When James Franco first came up with the idea to make a movie about the life of American poet Hart Crane, he had no idea he would wind up writing, directing, producing and starring in it, as he eventually did in "The Broken Tower," which is getting a theatrical release Friday. He thought he'd just want to act. He was fascinated by Crane's legendarily difficult, brilliant poetry, as well as his personal demons, which led him to alcohol and eventually suicide at age 32.
"At that point, I was only an actor; I'd never directed a movie before," Franco told The Huffington Post. "So I thought, 'I sorta look like him and he has such an interesting, dramatic story.' So I'd go around and say, 'I want to play Hart Crane,' hoping that someone would be willing to work with me and do a Crane project. But nobody was interested."
And no wonder: Crane's life, as it's depicted in Paul Mariani's 1999 biography "The Broken Tower," upon which Franco's movie is based, isn't exactly as Hollywood-friendly as "The Avengers." Harold Bloom, perhaps the most famous literary critic alive, has called Crane one of the three or four best poets of the 20th century. But Crane's work is less well-known than that of his contemporaries like William Carlos Williams and Robert Frost.
Yet Franco kept thinking about making a Crane movie. He'd encountered Crane's name soon after dropping out of UCLA, while reading one of Bloom's books. He bought "The Complete Poems of Hart Crane," but couldn't make sense of it. Then he followed the advice of Bloom's introduction to the edition and read "The Broken Tower" to understand the context of the poems.
"It was really the biography that made me think I should make a movie," he said.
He got his chance several years later, when he was brainstorming ideas for his thesis at NYU Film School. Since he said it was clear no one else wanted to write or direct a movie on the poet, he decided to do it himself. He bought the rights to Mariani's book, wrote a screenplay and set to work finding a star.
He offered the role to Paul Dano, who said he was busy. Then he pitched it to Joseph Gordon-Levitt, who according to Franco was worried about the difficulty of getting into the mindset of the character as he's depicted in the script.
A hectic schedule also meant it would be difficult for Franco to coordinate with another leading man. So he decided to cast himself in the starring role -- but only with great reluctance.
"There's a tendency, when you're directing yourself, not to give the performance as much care, because you feel like there's too much focus on yourself, or that all these people are just standing around setting everything up, waiting for you," he explained. "I had to get around that. Because the only reason that I really made this movie is that I wanted to honor Crane and tell his story."
For John Irwin, an English professor at Johns Hopkins, the timing of the movie couldn't be better. Irwin is the author of "Hart Crane's Poetry," which became the first major study on Crane's work in a quarter-century when it was released in December. According to Johns Hopkins Press, the imminent release of "The Broken Tower" has lifted sales of the book.
And it has also, according to Irwin, boosted his students' interest in Crane.
"Among modern poets, Crane is clearly the most difficult. It's good for students to see that somebody like James Franco is interested in Hart Crane's poetry," Irwin said.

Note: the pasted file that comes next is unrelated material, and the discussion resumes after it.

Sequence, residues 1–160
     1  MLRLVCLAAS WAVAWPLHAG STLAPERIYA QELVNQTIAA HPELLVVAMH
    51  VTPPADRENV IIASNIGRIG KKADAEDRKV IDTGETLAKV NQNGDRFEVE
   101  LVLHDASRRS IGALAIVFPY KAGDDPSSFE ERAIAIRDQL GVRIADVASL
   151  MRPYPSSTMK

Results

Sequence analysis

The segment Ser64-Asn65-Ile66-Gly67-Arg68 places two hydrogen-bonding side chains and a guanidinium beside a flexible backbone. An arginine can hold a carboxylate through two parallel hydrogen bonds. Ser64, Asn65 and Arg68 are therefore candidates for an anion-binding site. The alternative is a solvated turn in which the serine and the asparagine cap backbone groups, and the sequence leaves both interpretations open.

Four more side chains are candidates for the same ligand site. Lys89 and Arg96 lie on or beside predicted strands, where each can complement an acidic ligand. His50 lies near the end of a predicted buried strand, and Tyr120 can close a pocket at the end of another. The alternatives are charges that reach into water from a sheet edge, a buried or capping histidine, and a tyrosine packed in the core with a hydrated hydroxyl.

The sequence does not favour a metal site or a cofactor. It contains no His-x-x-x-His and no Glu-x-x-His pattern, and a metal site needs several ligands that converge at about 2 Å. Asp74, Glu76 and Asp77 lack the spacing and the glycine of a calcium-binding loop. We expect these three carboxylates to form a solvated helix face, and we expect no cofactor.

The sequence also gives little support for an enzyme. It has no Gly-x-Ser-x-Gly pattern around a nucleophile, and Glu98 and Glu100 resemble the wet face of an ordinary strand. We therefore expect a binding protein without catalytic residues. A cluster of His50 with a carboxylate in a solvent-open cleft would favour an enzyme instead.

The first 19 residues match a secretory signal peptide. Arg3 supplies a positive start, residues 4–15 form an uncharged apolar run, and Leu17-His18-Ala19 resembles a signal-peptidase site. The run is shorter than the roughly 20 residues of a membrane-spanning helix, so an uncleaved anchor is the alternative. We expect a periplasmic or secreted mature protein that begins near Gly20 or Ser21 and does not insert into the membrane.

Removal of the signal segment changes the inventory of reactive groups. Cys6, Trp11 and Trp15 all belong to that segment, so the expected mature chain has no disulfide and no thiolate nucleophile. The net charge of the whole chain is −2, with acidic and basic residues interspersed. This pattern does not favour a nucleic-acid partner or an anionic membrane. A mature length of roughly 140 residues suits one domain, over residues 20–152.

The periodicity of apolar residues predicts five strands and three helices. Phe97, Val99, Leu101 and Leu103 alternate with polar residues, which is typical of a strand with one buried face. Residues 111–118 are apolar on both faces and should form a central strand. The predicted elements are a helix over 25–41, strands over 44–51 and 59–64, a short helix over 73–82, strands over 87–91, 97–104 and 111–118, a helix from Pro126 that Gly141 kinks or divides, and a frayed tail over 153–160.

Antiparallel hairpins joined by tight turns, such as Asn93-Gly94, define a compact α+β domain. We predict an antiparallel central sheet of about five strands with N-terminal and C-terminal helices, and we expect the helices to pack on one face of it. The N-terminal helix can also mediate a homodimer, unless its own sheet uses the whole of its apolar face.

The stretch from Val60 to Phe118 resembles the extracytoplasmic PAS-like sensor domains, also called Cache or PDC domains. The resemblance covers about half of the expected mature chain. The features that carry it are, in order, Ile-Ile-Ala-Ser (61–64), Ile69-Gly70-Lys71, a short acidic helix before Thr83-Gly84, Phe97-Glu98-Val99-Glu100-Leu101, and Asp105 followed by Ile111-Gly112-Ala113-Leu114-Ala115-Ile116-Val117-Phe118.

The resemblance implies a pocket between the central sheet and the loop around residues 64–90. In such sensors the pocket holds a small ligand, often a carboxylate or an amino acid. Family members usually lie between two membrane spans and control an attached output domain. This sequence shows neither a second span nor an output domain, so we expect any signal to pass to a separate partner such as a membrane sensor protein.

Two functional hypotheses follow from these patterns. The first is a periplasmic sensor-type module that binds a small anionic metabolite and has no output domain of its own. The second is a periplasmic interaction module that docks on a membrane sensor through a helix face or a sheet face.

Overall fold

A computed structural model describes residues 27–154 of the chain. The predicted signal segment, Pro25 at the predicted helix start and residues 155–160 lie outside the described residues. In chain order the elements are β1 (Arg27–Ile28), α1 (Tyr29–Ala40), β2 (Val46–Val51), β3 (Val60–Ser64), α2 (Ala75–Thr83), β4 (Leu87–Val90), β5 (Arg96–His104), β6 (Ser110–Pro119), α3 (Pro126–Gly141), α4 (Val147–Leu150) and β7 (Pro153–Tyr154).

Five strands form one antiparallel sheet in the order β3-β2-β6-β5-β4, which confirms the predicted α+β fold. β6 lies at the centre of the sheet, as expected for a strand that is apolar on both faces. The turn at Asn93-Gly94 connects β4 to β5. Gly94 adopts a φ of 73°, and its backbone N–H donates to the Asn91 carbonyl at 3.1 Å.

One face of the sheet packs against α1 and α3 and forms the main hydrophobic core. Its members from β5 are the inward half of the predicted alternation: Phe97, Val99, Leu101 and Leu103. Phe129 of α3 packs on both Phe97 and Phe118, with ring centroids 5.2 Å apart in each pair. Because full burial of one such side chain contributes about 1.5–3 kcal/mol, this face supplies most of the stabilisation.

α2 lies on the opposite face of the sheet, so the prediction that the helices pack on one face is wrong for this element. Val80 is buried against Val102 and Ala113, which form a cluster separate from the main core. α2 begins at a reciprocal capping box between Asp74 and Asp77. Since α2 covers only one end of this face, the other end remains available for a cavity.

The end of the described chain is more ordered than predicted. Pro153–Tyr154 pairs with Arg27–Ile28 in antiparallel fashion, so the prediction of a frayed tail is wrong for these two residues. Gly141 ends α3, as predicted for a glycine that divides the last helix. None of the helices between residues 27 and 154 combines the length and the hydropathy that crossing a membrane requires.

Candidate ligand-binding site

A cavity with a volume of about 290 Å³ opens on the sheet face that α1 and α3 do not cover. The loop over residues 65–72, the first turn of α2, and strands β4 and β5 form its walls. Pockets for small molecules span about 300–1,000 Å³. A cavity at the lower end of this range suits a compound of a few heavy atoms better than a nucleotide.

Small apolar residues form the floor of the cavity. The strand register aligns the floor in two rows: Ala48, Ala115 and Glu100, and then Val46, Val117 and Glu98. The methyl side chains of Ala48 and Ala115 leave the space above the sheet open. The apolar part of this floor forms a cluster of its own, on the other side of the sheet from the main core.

Still, Franco's version of "The Broken Tower" isn't necessarily a perfect introduction to Crane. It's filmed in black and white, its plot can be hard to follow and its pacing is much slower than most Hollywood movies. There are many seemingly aimless silent scenes that follow the back of Franco's head while he stalks around various streetscapes. Some film critics have called these qualities flaws. Irwin, though, said he sees them as a reflection of Franco's desire to be faithful to Crane.
"He's trying to find a filmic equivalent to the method of Crane's poetry," Irwin said. "I've seen it twice, and I can say quite frankly that it grows with each seeing. And it grows on you. That's also true of Crane's poetry."
Franco seemed gratified to hear Irwin's reaction. "Making the texture of the movie parallel to his poems was exactly what I was trying to do," he said.
He admitted that this technique makes for what he called "a less accessible movie." But this, too, has a way of affirming Crane's mission.
"There is a long literary and artistic tradition in which Crane figures as a character or muse standing for a certain kind of uncompromising visionary artist ready to sacrifice everything for poetry," said Langdon Hammer, a Hart Crane scholar at Yale who also provides commentary on the DVD of "The Broken Tower."
Indeed, Franco said he identified most with Crane's commitment to the pursuit of artistic satisfaction at the expense of societal acceptance.
"Crane was also a very big drinker and had the reputation of being a wild man," Franco added. "Those sides of Crane are very interesting, but I don't identify with them."
Franco said that although he didn't identify with Crane's sexuality either -- Crane was openly gay -- he chose to depict that aspect of Crane's life rather explicitly, much to the delight of writers looking for an excuse to combine "sex" and "Franco" in a headline. Some may argue the attention given to these scenes has overshadowed the attention given to Hart Crane as a poet. So why did Franco choose to go this route?
"Crane was very comfortable with his sexuality, to the point that it intimidated, even scared, a lot of his friends in the poetry world," Franco said. "I wanted these scenes to have something of that same in-your-face quality."
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